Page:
Jazz rap is a fusion of alternative hip hop and jazz, developed in the late 1980s and early 1990s. The lyrics are often based on political consciousness, Afrocentricity, and general positivism. Allmusic writes that the genre "was an attempt to fuse African-American music of the past with a newly dominant form of the present, paying tribute to and reinvigorating the former while expanding the horizons of the latter." Musically, the rhythms have been typically those of hip hop rather than jazz, over which are placed repetitive phrases of jazz instrumentation: trumpet, double bass, etc. The amount of improvisation varies between artists: some groups improvise lyrics and solos, while a great deal of them do not.
Peter Shapiro, in his Rough Guide to Hip-Hop (2nd ed. London: Rough Guides, 2005) lists Louis Armstrong's 1925 recording of "Heebie Jeebies" in his timeline of hip hop. In the 70s, The Last Poets, Gil Scott-Heron, and The Watts Prophets placed spoken word and rhymed poetry over jazzy backing tracks. There are also parallels between jazz and the improvised phrasings of freestyle rap. Despite these disparate threads, jazz rap as a genre didn't coalesce until the late 80s.
In 1988, Gang Starr released the debut single "Words I Manifest", sampling Charlie Parker, and Stetsasonic released "Talkin' All That Jazz", sampling Lonnie Liston Smith. Gang Starr's debut LP, No More Mr. Nice Guy (Wild Pitch, 1989), and their track "Jazz Thing" for the soundtrack of Mo' Better Blues, further popularized the jazz rap style.
De La Soul and their cohorts in the Native Tongues Posse also had jazzy releases, including the Jungle Brothers' debut Straight Out the Jungle (Warlock, 1988) and A Tribe Called Quest's debut, People's Instinctive Travels and the Paths of Rhythm (Jive, 1990). A Tribe Called Quest's follow-up, The Low End Theory (Jive, 1991), had only a modest jazz influence, but it was a critical success, and earned praise from jazz bassist Ron Carter, who played double bass on one track. De La Soul's Buhloone Mindstate (Tommy Boy, 1993) featured contributions from Maceo Parker, Fred Wesley, and Pee Wee Ellis, and samples from Eddie Harris, Lou Donaldson, Duke Pearson and Milt Jackson.
Though jazz rap had achieved little mainstream success, jazz legend Miles Davis' final album (released posthumously in 1992), Doo-Bop, was based around hip hop beats and collaborations with producer Easy Mo Bee. Davis' ex-bandmate Herbie Hancock returned to hip hop in the mid-nineties after coming to the genre in the early 1980s with his single "Rockit", releasing the album Dis Is Da Drum in 1994. Jazz musician Branford Marsalis collaborated with Gang Starr's DJ Premier on his Buckshot LeFonque project that same year.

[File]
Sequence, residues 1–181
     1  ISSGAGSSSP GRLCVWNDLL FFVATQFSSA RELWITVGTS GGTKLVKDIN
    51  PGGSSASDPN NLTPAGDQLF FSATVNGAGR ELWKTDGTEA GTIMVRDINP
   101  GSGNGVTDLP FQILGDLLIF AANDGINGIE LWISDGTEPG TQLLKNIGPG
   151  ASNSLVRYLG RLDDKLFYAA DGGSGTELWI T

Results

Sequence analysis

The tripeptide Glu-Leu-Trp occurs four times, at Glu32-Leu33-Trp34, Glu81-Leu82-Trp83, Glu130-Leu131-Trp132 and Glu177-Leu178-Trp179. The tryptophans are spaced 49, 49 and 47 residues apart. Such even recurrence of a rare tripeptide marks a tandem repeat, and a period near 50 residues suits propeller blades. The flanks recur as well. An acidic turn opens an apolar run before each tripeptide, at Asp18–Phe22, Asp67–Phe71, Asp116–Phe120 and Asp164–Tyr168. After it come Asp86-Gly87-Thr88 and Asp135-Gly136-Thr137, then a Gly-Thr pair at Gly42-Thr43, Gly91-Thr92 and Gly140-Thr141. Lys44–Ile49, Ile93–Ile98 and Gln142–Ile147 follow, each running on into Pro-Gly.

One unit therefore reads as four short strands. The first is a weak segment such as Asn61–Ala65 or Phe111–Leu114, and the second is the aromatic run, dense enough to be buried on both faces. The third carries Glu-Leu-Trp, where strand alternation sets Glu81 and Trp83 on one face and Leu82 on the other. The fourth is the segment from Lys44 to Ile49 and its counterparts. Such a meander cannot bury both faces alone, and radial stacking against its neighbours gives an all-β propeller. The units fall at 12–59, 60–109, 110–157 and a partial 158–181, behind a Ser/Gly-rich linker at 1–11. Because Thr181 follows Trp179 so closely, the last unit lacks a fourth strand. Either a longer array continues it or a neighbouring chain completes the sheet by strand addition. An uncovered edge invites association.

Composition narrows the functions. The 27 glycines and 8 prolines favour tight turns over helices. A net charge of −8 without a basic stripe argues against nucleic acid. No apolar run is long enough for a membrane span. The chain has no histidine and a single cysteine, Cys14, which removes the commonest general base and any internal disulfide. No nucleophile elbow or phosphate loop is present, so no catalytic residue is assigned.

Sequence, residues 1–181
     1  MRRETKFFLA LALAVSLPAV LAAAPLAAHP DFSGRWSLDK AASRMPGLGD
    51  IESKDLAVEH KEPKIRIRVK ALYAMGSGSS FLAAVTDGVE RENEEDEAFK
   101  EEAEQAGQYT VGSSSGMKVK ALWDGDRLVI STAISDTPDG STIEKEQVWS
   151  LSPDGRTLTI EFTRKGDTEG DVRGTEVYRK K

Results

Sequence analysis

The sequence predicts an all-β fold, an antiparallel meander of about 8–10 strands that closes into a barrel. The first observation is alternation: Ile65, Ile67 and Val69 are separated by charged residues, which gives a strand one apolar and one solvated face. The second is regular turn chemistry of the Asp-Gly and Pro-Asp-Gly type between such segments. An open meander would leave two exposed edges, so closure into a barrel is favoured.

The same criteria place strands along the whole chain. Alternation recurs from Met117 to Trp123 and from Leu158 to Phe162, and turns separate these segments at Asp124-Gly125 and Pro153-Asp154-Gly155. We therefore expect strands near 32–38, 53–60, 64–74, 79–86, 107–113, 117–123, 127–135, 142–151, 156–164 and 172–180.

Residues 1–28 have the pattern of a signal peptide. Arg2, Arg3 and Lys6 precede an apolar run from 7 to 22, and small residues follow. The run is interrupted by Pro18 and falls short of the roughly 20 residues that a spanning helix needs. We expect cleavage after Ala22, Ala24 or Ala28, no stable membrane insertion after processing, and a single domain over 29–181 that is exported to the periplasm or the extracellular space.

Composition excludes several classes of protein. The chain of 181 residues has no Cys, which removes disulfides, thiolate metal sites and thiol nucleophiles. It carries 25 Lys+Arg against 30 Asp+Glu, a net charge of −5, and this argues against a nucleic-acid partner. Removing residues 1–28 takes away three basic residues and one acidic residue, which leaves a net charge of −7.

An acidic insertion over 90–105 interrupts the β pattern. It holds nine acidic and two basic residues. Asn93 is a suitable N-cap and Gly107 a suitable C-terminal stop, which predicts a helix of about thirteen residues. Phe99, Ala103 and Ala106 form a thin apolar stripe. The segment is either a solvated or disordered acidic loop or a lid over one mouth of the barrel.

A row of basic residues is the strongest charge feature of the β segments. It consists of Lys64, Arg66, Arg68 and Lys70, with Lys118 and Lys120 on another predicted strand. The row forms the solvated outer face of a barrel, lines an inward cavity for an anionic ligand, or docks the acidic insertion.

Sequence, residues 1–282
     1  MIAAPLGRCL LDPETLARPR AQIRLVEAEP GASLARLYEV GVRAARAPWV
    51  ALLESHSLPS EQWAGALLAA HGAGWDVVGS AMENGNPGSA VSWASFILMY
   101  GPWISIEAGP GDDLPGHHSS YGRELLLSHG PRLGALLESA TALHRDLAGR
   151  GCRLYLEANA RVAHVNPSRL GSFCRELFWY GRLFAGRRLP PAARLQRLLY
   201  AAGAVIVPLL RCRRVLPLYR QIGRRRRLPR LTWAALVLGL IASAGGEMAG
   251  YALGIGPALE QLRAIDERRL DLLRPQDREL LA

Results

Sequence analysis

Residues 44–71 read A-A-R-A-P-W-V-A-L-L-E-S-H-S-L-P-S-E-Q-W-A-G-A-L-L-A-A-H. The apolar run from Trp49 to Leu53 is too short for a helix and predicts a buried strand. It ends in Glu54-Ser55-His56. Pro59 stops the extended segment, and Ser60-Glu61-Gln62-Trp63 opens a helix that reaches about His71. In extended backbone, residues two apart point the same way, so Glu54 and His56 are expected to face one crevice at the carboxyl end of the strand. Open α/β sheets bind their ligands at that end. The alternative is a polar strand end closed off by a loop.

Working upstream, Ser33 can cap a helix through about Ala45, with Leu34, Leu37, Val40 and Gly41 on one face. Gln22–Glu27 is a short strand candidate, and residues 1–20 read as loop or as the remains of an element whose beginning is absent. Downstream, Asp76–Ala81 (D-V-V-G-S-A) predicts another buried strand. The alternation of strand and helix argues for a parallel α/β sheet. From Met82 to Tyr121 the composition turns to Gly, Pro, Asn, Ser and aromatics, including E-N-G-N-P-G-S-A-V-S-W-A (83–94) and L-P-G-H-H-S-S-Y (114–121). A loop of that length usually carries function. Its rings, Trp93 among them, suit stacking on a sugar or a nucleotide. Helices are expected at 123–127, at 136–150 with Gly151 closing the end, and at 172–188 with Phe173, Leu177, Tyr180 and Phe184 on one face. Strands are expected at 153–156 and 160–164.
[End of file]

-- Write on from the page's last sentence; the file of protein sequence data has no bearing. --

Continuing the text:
The Dream Warriors' 1991 release And Now the Legacy Begins was an innovative jazz rap album which became a critically-acclaimed hit record in Europe, their native Canada and underground hip-hop circles throughout the USA.
Digable Planets' 1993 release Reachin' (A New Refutation of Time and Space) was a hit jazz rap record sampling the likes of Don Cherry, Sonny Rollins, Art Blakey, Herbie Mann, Herbie Hancock, Grant Green, and Rahsaan Roland Kirk. It spawned the hit single "Rebirth of Slick (Cool Like Dat)". Also in 1993, Us3 released Hand on the Torch on Blue Note Records. All samples were from the Blue Note catalogue. The single "Cantaloop" was Blue Note's first gold record.
Beginning in 1993, Guru's Jazzmatazz project uses live jazz musicians in the studio. Its four volumes so far have assembled jazz luminaries like Freddie Hubbard, Donald Byrd, Courtney Pine, Herbie Hancock, Kenny Garrett and Lonnie Liston Smith, and hip hop performers such as Kool Keith, MC Solaar, Common and Guru's Gang Starr colleague DJ Premier.